Highlights from the week in criticism.
July 23 1998 3:30 AM



Franklin Foer Franklin Foer

Franklin Foer is a Slate contributing editor and the author of World Without Mind.


The Mask of Zorro (TriStar Pictures). The latest version of the swashbuckling legend makes critics wax nostalgic for the era "when boyish adventure films still had their innocence" (Janet Maslin, the New York Times). This time an aging Zorro (Anthony Hopkins) passes the mask to Antonio Banderas. Unlike campier predecessors, this movie about the Mexican Robin Hood is said to offer impeccable stunts and a genuinely witty screenplay. But the Village Voice's Michael Atkinson calls the acting "generally lifeless, [with the] contrived feel of a Thanksgiving Day parade." (Here's the official Zorro site.)

Saving Private Ryan (DreamWorks SKG). The hype commences, with critics pronouncing Steven Spielberg's World War II epic "a movie of staggering virtuosity" (Owen Gleiberman, Entertainment Weekly). Reviews dwell on the gory 25 minute opening battle scene, emblematic of Spielberg's new obsession with verisimilitude: "[O]ne of the greatest, most appalling things ever done in movies" (David Denby, New York). Applause also goes to Spielberg for bucking war movie typecasting with Everyman Tom Hanks and such unmacho hunks as Matt Damon and Edward Burns. Only Variety's Todd McCarthy notes that the premise--the Army expends ridiculous resources on a dubious rescue mission--is "far-fetched." (Join an online chat about Saving Private Ryan.)

There's Something About Mary (20th Century Fox). The Farrelly brothers' latest slapstick is said to hark back to the screwball romances of the 1940s: The Dumb & Dumber directors temper their repulsive humor--which includes gags about a mangled penis and the mentally retarded--with a touching love story. The plot: A sleazy private eye (Matt Dillon) falls for the woman (Cameron Diaz) he's paid to track down by a nerdy writer (Ben Stiller). Most critics agree with Slate's David Edelstein that the Farrellys' "tenderness [and] joy in all things scatological, rendered outrage spurious." Others are disgusted by the "sophomoric frat-house jokes" (Rex Reed, the New York Observer). (See the official site.)



Hello Nasty, by the Beastie Boys (Grand Royal/Capitol). The wise-ass rappers' first album in four years is taken as evidence of a new sophistication. Entertainment Weekly's David Browne calls the album "a sonic smorgasbord in which the Beasties gorge themselves with reckless abandon," sampling everything from Stravinsky to Tito Puente. Critics also like their combination of high-minded lyrics about Tibet and the environment with highbrow inanities about Postimpressionist painters. (Critics favorite line: "I'm the king of Boggle, there is none higher/ I get 11 points off the word 'quagmire.' ") (Check out the Hello Nasty chat site.)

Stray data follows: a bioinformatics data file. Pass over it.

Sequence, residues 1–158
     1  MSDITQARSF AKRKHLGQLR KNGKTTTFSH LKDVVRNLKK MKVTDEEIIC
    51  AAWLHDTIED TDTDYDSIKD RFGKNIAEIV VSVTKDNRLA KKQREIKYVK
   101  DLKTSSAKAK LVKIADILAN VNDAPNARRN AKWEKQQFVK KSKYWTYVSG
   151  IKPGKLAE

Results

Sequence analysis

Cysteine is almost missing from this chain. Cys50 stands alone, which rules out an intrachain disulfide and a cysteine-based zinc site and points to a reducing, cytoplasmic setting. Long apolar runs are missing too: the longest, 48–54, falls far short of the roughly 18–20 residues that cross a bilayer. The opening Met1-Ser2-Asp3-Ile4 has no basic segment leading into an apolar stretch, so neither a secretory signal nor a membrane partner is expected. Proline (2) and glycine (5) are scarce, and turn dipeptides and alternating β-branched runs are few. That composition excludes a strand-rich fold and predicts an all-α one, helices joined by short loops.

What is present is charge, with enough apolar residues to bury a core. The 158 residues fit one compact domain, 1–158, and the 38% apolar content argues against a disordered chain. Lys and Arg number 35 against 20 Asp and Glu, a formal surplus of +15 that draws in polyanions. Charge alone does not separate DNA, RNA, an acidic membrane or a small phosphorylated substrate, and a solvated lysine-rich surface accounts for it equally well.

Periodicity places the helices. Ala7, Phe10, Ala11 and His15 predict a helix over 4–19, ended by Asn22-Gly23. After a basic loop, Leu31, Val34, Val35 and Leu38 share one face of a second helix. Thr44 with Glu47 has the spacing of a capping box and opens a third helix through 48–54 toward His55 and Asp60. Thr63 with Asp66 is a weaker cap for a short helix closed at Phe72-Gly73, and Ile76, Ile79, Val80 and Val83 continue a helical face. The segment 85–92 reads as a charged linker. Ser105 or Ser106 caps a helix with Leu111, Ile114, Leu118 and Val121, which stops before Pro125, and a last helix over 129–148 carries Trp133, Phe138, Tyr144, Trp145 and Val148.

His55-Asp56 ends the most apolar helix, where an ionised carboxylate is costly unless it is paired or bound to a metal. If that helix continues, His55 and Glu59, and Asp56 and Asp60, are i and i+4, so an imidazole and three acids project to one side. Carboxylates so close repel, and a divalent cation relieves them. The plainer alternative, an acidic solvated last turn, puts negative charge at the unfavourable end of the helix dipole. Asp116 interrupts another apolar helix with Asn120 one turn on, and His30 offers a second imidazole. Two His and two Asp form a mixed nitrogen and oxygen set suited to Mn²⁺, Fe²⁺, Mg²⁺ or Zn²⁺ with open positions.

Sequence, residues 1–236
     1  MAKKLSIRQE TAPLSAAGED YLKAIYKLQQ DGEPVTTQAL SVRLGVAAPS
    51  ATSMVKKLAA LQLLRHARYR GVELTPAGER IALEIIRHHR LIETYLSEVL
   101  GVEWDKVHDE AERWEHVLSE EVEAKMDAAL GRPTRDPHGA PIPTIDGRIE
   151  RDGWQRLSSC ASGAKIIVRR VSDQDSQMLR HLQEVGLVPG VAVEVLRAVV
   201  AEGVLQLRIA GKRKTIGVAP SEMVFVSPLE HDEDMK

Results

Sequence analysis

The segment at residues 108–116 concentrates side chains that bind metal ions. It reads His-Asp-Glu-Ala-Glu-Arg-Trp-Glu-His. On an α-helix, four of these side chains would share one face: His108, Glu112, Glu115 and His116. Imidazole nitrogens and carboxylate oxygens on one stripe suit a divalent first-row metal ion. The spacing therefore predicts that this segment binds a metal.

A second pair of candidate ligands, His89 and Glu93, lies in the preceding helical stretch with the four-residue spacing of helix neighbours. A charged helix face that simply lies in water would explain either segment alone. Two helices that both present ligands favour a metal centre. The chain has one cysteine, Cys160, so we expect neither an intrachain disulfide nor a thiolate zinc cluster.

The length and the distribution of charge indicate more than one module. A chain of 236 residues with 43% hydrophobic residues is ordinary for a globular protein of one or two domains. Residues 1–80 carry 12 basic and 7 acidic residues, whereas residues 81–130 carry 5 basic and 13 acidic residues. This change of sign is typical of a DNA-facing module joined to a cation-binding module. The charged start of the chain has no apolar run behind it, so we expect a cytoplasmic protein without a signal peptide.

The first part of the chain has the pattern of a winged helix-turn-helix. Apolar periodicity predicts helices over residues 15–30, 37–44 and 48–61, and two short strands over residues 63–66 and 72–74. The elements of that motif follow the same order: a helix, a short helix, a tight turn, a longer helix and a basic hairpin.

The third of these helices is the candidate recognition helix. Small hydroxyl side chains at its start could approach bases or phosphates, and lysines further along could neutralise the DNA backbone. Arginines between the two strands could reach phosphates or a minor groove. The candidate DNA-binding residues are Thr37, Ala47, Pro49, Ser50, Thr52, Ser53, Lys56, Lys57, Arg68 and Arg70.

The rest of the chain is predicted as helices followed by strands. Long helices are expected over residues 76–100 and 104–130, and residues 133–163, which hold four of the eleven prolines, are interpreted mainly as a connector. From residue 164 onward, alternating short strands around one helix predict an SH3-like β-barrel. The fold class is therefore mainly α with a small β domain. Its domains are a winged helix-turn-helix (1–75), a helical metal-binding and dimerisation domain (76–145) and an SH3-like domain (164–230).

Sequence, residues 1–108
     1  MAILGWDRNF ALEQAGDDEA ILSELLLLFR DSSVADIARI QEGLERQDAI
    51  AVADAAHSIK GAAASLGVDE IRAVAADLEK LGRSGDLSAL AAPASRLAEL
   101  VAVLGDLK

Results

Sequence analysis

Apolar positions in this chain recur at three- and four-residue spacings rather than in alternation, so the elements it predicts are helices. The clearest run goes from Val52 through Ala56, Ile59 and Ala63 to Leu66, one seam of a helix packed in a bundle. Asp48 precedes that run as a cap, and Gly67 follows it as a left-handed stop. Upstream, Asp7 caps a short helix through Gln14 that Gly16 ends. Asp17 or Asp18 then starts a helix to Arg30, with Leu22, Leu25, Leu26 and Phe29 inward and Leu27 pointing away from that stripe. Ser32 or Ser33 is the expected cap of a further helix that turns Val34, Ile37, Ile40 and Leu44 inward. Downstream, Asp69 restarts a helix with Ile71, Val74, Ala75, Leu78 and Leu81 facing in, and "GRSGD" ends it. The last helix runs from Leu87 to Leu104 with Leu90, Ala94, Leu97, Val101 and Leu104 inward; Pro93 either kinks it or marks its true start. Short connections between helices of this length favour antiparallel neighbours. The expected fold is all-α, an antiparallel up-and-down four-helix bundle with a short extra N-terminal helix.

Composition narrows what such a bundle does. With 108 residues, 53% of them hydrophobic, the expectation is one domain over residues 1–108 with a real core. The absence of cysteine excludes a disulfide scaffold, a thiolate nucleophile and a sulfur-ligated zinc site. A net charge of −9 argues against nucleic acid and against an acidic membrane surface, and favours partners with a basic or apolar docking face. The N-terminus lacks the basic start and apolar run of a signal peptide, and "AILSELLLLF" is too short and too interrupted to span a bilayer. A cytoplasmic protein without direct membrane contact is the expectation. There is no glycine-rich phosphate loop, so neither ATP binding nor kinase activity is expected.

Lucky Bastard, by Charles McCarry (Random House). An ex-CIA agent's thriller about a skirt-chasing spy's ascent to the presidency is deemed "Primary Colors written with imagination" (Christopher Lehmann-Haupt, the New York Times). Although critics praise McCarry's entertaining prose and quirky characters, they focus more on the similarities between the sexaholic protagonist and Bill Clinton. None other than Dick Morris complains in the Weekly Standard that the book "becomes a porn novel," with its heavy focus on presidential sex. (See what the publisher has to say about Lucky Bastard.)



Twelfth Night (Vivian Beaumont Theater, New York City). Mixed reviews for Oscar winner Helen Hunt's turn as a Shakespearean: Is she delightfully down-to-earth or simply banal? The London Guardian's Joanna Coles says her presence is "so obvious a gimmick to draw in those who don't normally bother to see the Bard that it's almost insulting." Unanimous praise goes to TheMadness of King George director Nicholas Hytner's staging of the gender bender, which breaks with the recent trend of interjecting gay subtext into the play. The consensus: Twelfth Night is "the greatest of Shakespeare's romantic comedies" (Ben Brantley, the New York Times).



Drudge (Fox News Channel; Saturdays, 9 p.m. ET/PT). Internet gossip Matt Drudge milks his newfangled celebrity, debuting a half-hour political chat show. Most critics use the occasion as another opportunity to bash him for his "blatant bias and outrageous exaggerations" (Robert Bianco, USA Today). Others regret that Drudge is less than telegenic and fails to deliver the dish his promos promised. Still others, such as Entertainment Weekly's Ken Tucker, predict the unpredictable Drudge, a "refreshingly snarky news anchor," will shake up political television. Here's the Drudge Report, which spawned the TV show. And here are Chatterbox's musings on Drudge.

Recent "Summary Judgment" columns


Tina!--The Tina Brown Years;

Art--"Unknown Terrain: The Landscapes of Andrew Wyeth";

Movie--Small Soldiers;


Movie--Lethal Weapon 4;

Movie--Buffalo 66;

Music--Embrya, by Maxwell;

Music--Car Wheels on a Gravel Road, by Lucinda Williams.



Death--Roy Rogers;

Book--Explaining Hitler: The Search for the Origins of His Evil, by Ron Rosenbaum;

Book--Someone Else's House: America's Unfinished Struggle for Integration, by Tamar Jacoby;

Book--Bridget Jones's Diary, by Helen Fielding;

Performance Art--The Return of the Chocolate Smeared Woman, Karen Finley.

Movie--Out of Sight;


Movie--Dr. Dolittle;

Movie--Gone With the Wind;


Book--Suits Me: The Double Life of Billy Tipton, by Dianne Wood Middlebrook;

Book--The Notebooks of Don Rigoberto, by Mario Vargas Llosa, translated by Edith Grossman.

Movie--The X Files;

Movie--100 Years, 100 Movies (AFI);


Art--"Charles Ray";

Book--Walking With the Wind: A Memoir of the Movement, by John Lewis, with Michael D'Orso;

Book--Ship of Gold: In the Deep Blue Sea, by Gary Kinder;

Book--A Beautiful Mind, by Sylvia Nasar.

--Eliza Truitt